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Bio of Gregory Hubbs

Editor-in-Chief of

Gregory Hubbs on a beach in Morocco.
On some faraway beach.

Born in 1960 to his European mother Joanna Hubbs, Ph.D. (who is a former Woodrow Wilson Fellow and retired Professor of Russian and European Cultural History and Literature, author, and now president and senior editor of Transitions Abroad), and to Clay Hubbs, Ph.D., the founding publisher and editor of trailblazing Transitions Abroad magazine. Gregory, who is modest and laconic to a fault (insert irony emoji), is fortunate to have traveled and lived abroad for many extended periods. Indeed, his life has been an example of much of what Transitions Abroad has discussed and promoted since its inception — educational, cultural immersion, sustainable, adventure travel, teaching, volunteering, and living abroad.

Early Childhood Abroad

By age four, Hubbs had lived in England for three years and experienced an intense year-long journey. He commenced in 1963, being driven by his fearless parents in a VW bus through various civil wars, coups, and bandit attacks across the countries of North Africa (including the Algerian/Moroccan Sand War) and the Middle East (coups in Damascus and Baghdad). His parents navigated through many marginal roads in the deserts and mountains of Egypt, Jordan, Lebanon, Syria, Turkey & Greece, Iraq, and Iran on the way to India, following the trail of Alexander the Great. Gregory still remembers vividly the incredible hospitality and the smiling faces of so many locals across Mediterranean, North African, and Middle Eastern countries, possessing black and white photos to jog his memory about the unbelievable stories recounted by his parents.

Gregory Hubbs in front of Pyramids in Egypt.
Gregory Hubbs on a camel with his mother in Valley of Kings, Egypt.
Early years (1963) in the Valley of the Kings and Giza, Egypt.
Gregory Hubbs with goats and camels in Morocco
Hanging out with goats and camels in Morocco (1963).

Gregory Hubbs at Leptis Magna in Libya in 1963 with no tourists in sight.
With father in Leptis Magna, Libya (1963).

Gregory Hubbs sitting on the horns of a dilemma in Persepolis in 1964.
On the horns of a dilemma in Persepolis (1964).

Gregory Hubbs with his family after a return from the first of their extended travels.
Gregory, at age four in 1964, holding a piece of marble perhaps from Roman ruins with Joanna Hubbs and Clay Hubbs during an interview after returning from a year-long trip that started from near the Air Force base where he was stationed in England, near Scotland, where they had lived for three years.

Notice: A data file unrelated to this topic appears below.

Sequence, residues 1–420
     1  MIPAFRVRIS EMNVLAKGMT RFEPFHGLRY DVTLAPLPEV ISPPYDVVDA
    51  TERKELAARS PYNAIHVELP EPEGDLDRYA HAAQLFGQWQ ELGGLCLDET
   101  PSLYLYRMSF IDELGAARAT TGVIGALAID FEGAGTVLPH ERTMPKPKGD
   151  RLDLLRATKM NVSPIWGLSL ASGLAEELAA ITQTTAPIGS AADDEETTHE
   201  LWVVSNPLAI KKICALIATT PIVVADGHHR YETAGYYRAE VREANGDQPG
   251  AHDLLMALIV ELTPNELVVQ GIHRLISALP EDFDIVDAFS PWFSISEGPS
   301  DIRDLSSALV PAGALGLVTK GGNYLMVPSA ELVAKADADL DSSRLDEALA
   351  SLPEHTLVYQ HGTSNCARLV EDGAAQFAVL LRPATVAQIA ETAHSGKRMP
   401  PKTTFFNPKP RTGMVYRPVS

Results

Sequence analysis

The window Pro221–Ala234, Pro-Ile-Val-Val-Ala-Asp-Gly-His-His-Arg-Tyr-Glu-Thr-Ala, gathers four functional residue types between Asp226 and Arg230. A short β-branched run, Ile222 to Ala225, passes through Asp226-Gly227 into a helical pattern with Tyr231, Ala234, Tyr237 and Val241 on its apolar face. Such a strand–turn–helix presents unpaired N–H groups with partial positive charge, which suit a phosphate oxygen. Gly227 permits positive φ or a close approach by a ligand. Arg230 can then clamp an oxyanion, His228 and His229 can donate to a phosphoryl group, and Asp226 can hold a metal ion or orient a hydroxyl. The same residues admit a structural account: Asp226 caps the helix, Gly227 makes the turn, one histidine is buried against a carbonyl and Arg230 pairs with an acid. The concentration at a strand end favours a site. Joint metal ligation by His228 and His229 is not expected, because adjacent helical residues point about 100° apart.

The family took off on an adventure in their VW bus full of canned goods, including spam and chili that we bartered, down through Western Europe, across Northern Africa, the Middle East, and Persia, and back to England through the Eastern Mediterranean for one year. We were following the path of Alexander the Great as described by the ancient Greek historian Herodotus as we had forgotten our likely largely useless maps and had no smartphones and GPS!

Gregory's parents returned to tell many incredible stories about their trip, which he is working with on with his mother to memorialize.

Between the ages 8-10, Gregory slowly made his way with his parents through much of Western and Eastern Europe — including several months in the Soviet Union while his mother researched her book on Russian cultural history — in yet another VW bus.

A Romanian Church painted gloriously on the outside.
A painted Romanian church encountered during our journey through the Soviet Union.

He was then sent to a local French public school for a year in 3rd grade near Paris without knowing a word of the language. Such immersion led to memorizing scores of classic poems he still remembers, finishing at the top of his class in math, marbles, and soccer while at the bottom in penmanship.

There, Hubbs lived, by chance, next to the first hippy commune in France, played with their rock band in avant-garde nightclubs in Paris as the drummer to great reviews, met members of the Living Theatre, and came to see and know more than a child his age probably should.